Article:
The focal point of the trail, where everyone pauses a moment to admire the landscape before heading back, opens out into another valley, this time surrounded by imposing ridges reaching into the sky. Two rusted vehicles, a jeep and an old army ambulance sit along the path, remnants of the t.v. show that was once filmed here. We sat down at the picnic table by the jeep and watched a group of mountain bikers challenge each other to bike up a very steep dirt mound. Another group of hikers settled inside the jeep like little birds and ate their sandwiches. The wind started kicking up sand, so we decided to head back, finding the return hike much faster.

The full hike does require a few hours to do at a comfortable pace. It’s about 4 ½ miles of walking. Driving time really depends on traffic, but should take about 35 minutes from West LA when taking the 10 to the PCH to Malibu Canyon Road (it’s a right turn at Pepperdine.) Folks from the Valley come from the Calabasas side on Las Virgenes Road.

Ghost Towns&Museums&Nature Walks&Outdoors01 Mar 2008 12:00 pm

There are a lot of towns in the middle of nowhere in this giant state we live in. Some more nowhere than others. Why this intrigues me, I couldn’t exactly tell you. Or what it is about the world of old trains that draws me, I’m not sure. But there is a forgotten town in the Mojave National Preserve, that piqued my curiosity on several counts.

The Kelso Depot was built in 1923 to provide a full service stop for railroad workers and passengers on the Union Pacific railroad. The key ingredient to Kelso, which began in 1905, was the nearby spring water, required for running the steam engines that came through. At one point Kelso had up to 2000 residents as folks interested in working in the various mining operations in the area (including boron, iron, gold and silver) moved into the desert town.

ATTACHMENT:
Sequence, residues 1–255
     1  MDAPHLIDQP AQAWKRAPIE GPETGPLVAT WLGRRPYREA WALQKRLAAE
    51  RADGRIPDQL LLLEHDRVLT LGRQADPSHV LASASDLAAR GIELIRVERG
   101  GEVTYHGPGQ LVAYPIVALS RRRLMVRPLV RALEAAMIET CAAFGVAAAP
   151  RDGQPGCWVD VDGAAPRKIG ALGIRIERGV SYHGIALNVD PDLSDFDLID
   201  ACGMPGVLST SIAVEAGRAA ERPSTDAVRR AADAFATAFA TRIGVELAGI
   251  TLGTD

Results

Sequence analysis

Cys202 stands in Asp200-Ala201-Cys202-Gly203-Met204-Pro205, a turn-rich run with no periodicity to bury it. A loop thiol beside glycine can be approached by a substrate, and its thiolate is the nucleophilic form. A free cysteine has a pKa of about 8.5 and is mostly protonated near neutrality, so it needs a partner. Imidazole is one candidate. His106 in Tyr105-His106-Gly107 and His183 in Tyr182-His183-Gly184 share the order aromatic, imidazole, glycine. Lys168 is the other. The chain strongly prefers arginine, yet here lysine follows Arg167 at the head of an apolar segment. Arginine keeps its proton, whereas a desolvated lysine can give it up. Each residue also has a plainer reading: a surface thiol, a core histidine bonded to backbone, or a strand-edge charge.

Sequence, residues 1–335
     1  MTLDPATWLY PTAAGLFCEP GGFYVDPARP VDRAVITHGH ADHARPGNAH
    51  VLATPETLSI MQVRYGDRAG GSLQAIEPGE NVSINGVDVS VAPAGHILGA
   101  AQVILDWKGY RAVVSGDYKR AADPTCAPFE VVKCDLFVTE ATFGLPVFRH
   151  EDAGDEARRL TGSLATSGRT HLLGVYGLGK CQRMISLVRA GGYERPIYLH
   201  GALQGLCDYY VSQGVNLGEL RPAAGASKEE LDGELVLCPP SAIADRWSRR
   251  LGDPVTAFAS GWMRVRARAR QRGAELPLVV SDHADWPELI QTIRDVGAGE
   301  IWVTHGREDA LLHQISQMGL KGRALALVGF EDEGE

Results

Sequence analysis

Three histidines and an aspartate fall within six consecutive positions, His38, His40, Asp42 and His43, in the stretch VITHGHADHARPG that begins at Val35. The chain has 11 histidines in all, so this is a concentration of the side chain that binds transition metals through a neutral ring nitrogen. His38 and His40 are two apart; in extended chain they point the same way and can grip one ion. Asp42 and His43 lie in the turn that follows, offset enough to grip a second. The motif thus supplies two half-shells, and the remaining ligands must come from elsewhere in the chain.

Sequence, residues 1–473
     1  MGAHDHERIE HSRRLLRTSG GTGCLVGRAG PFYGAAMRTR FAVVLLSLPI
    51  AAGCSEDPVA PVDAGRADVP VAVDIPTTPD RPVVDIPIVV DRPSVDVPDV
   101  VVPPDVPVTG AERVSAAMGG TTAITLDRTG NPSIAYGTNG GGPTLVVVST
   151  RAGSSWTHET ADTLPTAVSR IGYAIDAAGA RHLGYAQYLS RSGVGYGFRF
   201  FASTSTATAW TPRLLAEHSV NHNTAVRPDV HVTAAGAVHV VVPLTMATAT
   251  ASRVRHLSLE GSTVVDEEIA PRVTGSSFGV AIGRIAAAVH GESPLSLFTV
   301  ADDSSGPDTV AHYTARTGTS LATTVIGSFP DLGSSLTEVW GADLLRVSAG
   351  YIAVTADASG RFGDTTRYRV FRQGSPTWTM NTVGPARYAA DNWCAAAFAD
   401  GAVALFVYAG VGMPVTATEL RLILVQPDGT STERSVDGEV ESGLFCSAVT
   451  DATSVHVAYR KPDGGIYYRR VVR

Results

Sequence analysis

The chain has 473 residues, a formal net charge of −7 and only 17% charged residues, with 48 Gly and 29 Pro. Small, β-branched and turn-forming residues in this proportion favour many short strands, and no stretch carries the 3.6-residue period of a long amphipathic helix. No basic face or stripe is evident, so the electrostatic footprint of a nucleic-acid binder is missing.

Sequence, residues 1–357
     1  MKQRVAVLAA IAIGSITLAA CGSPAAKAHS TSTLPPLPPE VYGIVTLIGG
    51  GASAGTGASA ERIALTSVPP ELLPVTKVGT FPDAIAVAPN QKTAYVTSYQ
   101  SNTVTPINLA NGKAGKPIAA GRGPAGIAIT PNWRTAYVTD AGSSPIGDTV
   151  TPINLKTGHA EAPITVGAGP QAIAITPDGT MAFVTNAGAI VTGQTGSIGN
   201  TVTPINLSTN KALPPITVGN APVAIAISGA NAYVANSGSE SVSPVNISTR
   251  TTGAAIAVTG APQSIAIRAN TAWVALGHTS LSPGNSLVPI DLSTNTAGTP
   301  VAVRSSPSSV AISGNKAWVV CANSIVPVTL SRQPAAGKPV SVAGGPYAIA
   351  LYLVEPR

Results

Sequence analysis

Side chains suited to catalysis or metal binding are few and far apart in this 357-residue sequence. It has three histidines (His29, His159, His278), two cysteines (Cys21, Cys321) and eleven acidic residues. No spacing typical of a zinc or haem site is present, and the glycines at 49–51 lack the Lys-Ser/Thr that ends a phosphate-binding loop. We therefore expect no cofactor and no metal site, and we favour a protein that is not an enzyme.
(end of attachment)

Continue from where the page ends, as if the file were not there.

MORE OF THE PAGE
Abandoned back in the 1980’s, the train depot was recently fixed up and turned into a museum, with national park rangers running the facilities. The most prominent feature of the building is the restaurant (no longer in use) for train passengers to have a meal or cup of coffee and slice of pie from one of the pie cabinets. There is also, within the building, a ticket counter and telegraph office, the storage area for luggage of those just passing through, and upstairs, the boarding rooms for Union Pacific workers. Here, in this distant desert depot, men who worked the railroads could live for a time, sleeping in sparsely furnished bedrooms and even reading the newspaper in the small but adequate lounge. While there are a few bedrooms to view, most of the upstairs has been turned into museum exhibit areas and office space for the rangers. The lounge is still available to sit and read books about railroads or the history of the Mojave area. There are little biographies within the exhibits, and stories about some of the towns in the area.

The ranger at the front desk will show you a short film about all the natural attractions within the Mojave preserve if you ask. Everything is spread out, though, and would require a greater time commitment than a day to visit.